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  1. Karen Merikangas Darling (2003). Motivational Realism: The Natural Classification for Pierre Duhem. Philosophy of Science 70 (5):1125-1136.
    This paper addresses a central interpretive problem in understanding Pierre Duhem's philosophy of science. The problem arises because there is textual support for both realist and antirealist readings of his work. I argue that his realist and antirealist claims are different. For Duhem, scientific reasoning leads straight to antirealism. But intuition (reasons of the heart) motivates, without justifying, a kind of realism. I develop this idea to suggest a motivational realist interpretation of Duhem's philosophy.
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  2. Karen Merikangas Darling (2002). The Complete Duhemian Underdetermination Argument: Scientific Language and Practice. Studies in History and Philosophy of Science Part A 33 (3):511-533.
    Current discussion of scientific realism and antirealism often cites Pierre Duhem’s argument for the underdetermination of theory choice by evidence. Participants draw on an account of his underdetermination thesis that is familiar, but incomplete. The purpose of this article is to complete the familiar account. I argue that a closer look at Duhem’s The aim and structure of physical theory suggests that the rationale for his underdetermination thesis comes from his philosophy of scientific language. I explore how an understanding of (...)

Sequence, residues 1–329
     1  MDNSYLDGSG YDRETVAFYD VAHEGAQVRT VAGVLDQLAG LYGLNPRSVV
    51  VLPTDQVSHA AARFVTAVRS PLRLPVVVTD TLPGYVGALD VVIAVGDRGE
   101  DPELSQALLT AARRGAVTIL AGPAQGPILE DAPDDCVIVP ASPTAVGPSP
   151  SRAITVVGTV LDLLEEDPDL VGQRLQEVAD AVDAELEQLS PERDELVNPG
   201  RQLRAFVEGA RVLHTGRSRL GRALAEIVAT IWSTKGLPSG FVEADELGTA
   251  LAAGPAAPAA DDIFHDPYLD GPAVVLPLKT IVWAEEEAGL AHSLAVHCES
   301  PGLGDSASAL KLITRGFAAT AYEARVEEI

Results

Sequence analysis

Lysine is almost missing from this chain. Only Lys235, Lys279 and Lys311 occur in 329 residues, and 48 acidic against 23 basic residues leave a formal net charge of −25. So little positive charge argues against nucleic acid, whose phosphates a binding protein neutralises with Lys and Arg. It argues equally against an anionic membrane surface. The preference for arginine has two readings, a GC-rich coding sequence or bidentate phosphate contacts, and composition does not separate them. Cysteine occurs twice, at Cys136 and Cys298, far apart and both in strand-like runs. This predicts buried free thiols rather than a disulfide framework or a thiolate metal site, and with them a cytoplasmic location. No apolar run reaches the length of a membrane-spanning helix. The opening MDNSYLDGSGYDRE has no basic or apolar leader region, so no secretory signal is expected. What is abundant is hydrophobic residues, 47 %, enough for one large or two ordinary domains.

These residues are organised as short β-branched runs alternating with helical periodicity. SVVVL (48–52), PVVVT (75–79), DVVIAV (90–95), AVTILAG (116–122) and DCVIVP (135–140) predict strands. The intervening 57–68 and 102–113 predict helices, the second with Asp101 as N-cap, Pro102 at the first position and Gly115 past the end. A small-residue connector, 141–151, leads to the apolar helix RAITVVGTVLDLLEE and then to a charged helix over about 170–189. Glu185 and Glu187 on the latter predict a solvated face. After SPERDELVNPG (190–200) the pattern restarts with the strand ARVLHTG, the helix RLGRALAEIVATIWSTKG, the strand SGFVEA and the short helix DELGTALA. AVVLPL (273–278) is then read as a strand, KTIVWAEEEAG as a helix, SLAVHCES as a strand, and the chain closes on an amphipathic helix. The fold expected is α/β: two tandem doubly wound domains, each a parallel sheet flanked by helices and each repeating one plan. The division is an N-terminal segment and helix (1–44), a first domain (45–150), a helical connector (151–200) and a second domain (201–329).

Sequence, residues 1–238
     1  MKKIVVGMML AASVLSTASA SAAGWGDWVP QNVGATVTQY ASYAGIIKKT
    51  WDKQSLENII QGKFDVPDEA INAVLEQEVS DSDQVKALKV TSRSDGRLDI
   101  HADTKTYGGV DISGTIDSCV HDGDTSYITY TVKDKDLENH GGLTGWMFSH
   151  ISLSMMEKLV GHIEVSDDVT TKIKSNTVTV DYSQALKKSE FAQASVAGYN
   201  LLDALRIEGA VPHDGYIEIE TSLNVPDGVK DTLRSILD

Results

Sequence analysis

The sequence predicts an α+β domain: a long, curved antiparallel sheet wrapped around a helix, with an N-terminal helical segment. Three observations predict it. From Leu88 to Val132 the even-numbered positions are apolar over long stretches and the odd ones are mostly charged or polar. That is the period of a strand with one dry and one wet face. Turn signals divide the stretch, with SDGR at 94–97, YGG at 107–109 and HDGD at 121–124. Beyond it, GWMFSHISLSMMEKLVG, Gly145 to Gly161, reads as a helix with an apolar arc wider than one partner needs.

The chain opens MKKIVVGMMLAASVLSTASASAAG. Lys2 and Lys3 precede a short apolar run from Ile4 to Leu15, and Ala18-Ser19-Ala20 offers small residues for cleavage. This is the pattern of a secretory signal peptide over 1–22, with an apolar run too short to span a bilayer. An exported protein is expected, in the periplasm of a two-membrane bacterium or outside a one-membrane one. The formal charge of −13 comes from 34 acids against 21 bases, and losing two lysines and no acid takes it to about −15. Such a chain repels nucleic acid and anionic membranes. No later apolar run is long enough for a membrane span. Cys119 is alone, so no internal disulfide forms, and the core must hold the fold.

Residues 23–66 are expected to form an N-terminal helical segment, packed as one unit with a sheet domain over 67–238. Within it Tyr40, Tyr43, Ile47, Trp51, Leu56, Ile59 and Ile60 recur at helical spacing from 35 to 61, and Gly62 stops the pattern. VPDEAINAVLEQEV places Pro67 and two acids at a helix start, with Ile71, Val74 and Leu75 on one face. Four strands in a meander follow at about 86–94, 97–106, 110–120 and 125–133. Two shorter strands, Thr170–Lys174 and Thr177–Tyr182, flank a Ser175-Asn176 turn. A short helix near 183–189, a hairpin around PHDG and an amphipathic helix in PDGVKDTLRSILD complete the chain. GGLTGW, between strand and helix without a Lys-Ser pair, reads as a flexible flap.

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    Eric Winsberg, Mathias Frisch, Karen Merikangas Darling & Arthur Fine (2000). The Dappled World. [REVIEW] Journal of Philosophy 97 (7):403-408.
  4. Karen Merikangas Darling (2002). Pierre Duhem's Philosophy of Science. Dissertation, Northwestern University
    Pierre Duhem's well-known argument for the underdetermination of theory choice by evidence is often cited in current discussion of scientific realism and antirealism. I argue that the familiar account of it that participants draw on is incomplete. After studying Duhem's philosophy of scientific language, which he regards as both abstract and symbolic, I conclude that, for Duhem, underdetermination rests on the observation that instruments are ubiquitous in mathematical sciences. This ties auxiliary assumptions to the use of instruments and completes the (...)
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